(WSIL) -- The Illinois State Police has joined the Illinois National Assoc. for Advancement for Colored People (NAACP) and the Illinois Assoc. of the Chiefs of Police, in adopting the "Ten Shared Principles."
On March 22, 2018, the NAACP Illinois State Conference and the Illinois Association of the Chiefs of Police agreed to share a set of principles designed to build mutual trust between law enforcement and the community.
On Jan.6, 2021, ISP Director Kelly and ISP Command Staff joined the effort and adopted the principles, which ISP leadership has already taken steps to live out within the agency.
Click here to see the full list of principles as adopted by ISP.
The ways ISP has put these principles into action include:
- Ongoing quarterly training for Troopers to reinforce that every person should be treated with dignity and respect.
- Adding training to include de-escalation techniques to peacefully resolve situations that are dangerous to both the community and law enforcement.
- Appointing the most diverse command staff in ISP history with men and women from varied backgrounds and communities with seven of fourteen in top command from minority backgrounds. These Colonels and Lt. Colonels possess more than a century of collective law enforcement experience that will bring the agency into the future.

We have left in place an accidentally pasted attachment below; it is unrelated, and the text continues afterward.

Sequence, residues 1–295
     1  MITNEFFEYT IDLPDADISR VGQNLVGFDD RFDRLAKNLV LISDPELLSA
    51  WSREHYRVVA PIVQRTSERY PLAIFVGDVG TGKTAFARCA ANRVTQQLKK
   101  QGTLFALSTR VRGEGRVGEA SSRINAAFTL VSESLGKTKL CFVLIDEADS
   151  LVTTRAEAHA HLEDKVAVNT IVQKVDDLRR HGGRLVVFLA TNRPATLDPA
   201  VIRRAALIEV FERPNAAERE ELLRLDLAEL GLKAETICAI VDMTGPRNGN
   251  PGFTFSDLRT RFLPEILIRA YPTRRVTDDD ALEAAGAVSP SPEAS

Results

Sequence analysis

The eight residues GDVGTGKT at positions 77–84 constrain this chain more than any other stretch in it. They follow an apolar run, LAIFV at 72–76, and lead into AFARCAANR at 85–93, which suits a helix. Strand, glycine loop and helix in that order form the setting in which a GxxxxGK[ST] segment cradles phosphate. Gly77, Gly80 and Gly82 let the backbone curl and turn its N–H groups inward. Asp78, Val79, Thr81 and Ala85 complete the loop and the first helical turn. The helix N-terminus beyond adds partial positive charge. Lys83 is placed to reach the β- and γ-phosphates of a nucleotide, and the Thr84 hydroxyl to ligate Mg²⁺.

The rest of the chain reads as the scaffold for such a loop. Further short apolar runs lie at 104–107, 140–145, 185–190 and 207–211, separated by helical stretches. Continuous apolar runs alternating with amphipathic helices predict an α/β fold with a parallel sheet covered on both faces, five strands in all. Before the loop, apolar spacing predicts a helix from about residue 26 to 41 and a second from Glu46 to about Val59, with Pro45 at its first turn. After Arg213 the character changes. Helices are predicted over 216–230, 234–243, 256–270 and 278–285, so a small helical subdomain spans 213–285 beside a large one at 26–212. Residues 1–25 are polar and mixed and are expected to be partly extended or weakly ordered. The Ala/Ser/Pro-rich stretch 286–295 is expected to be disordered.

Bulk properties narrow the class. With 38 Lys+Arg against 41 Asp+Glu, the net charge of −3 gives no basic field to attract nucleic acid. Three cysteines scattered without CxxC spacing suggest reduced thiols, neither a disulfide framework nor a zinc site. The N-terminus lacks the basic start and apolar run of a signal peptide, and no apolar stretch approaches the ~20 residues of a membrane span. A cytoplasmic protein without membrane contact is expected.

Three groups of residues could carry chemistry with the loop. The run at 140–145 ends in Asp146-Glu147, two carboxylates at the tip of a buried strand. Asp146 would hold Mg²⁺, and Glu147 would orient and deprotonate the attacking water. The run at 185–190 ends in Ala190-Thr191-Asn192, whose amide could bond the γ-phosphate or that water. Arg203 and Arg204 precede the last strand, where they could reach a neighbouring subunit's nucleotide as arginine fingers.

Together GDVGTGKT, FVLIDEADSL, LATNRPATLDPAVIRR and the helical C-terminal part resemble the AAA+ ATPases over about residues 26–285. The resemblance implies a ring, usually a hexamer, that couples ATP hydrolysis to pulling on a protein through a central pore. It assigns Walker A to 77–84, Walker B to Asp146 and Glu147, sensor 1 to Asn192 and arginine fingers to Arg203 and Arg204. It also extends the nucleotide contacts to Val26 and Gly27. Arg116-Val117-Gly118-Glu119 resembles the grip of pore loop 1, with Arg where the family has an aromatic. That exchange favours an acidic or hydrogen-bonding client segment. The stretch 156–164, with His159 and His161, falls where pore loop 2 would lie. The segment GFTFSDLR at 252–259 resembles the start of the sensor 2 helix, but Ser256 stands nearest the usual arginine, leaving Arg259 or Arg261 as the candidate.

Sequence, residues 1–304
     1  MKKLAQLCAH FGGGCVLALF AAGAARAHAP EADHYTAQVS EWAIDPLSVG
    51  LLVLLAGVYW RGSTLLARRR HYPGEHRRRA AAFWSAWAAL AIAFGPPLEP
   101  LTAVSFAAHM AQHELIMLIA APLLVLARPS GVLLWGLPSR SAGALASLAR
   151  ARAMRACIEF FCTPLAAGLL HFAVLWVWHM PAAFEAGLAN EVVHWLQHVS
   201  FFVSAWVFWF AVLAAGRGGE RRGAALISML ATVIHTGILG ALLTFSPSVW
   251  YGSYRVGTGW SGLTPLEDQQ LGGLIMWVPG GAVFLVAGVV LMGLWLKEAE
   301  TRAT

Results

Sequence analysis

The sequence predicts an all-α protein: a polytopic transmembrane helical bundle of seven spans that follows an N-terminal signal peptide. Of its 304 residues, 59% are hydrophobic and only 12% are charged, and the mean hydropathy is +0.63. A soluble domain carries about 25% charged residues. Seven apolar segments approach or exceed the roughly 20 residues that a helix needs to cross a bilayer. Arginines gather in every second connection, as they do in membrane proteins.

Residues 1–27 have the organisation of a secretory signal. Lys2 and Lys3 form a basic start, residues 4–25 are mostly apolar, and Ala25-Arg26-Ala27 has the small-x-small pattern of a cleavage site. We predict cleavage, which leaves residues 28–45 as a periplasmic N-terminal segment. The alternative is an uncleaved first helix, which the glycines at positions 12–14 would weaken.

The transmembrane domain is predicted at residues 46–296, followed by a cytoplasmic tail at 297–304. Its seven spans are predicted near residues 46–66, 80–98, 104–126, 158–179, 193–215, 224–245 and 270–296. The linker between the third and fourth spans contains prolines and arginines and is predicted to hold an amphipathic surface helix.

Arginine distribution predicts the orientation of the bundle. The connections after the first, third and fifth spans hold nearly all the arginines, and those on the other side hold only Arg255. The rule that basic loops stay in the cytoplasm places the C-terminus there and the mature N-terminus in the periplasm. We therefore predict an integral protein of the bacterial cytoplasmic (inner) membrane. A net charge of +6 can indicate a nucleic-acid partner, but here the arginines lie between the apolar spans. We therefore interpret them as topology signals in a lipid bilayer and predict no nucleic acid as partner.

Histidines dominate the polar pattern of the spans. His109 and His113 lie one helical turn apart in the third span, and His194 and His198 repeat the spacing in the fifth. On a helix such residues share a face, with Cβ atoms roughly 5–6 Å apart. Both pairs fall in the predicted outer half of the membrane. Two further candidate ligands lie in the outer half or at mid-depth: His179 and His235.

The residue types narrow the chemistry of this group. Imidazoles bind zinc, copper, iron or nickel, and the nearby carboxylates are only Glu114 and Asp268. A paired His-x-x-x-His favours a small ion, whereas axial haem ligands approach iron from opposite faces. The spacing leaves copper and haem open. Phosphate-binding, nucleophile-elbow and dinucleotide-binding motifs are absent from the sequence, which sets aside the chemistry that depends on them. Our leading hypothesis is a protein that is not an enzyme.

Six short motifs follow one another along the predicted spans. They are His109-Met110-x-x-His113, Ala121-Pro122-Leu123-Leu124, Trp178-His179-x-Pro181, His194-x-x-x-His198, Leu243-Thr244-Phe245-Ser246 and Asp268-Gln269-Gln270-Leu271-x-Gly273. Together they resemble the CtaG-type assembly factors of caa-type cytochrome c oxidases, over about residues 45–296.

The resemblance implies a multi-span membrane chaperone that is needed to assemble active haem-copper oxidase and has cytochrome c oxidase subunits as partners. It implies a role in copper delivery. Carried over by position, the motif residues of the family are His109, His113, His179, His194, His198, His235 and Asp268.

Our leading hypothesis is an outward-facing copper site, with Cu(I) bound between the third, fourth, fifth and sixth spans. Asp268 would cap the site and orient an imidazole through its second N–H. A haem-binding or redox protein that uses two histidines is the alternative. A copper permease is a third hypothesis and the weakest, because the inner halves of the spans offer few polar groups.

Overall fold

- Building a diverse agency by actively recruiting cadets from different backgrounds and ethnic groups to attend the ISP Academy and grow into leaders within the agency.
- Developing a duty to intervene policy in accordance with federal law.
- Maintaining a robust and evolving wellness program focusing on Officer mental health after repeated exposed to trauma to maintain and strengthen empathy, good judgment and 21st Century policing skills
“The principles that the Illinois State Police share with the NAACP are the values that all good people who act in good faith share with one another,” said ISP Director Brendan F. Kelly. “At the heart of these values is the trust that is essential to good policing, safe communities and a just nation.”
“It’s a great day in Illinois for Police Reforms. I am proud that Director Kelly and the Illinois State Police are joining with the Illinois NAACP in promoting these historic reform principles. We have been successful in keeping incidents like Ferguson and Kenosha from happening in Illinois. With the backing of the Illinois State Police, hopefully, other states will implement similar programs,” Illinois NAACP President Teresa Haley said.
“This is great news for all of law enforcement in Illinois to have the ISP totally endorse and affirm what the Illinois Chiefs have been doing to build relationships of trust with communities of color,” said IACP Pres. James R. Black, Chief of Crystal Lake Police Department. “It’s a priority of mine as IACP President to get more agencies on board with these 10 Shared Principals, and so, I am very grateful to Director Kelly.”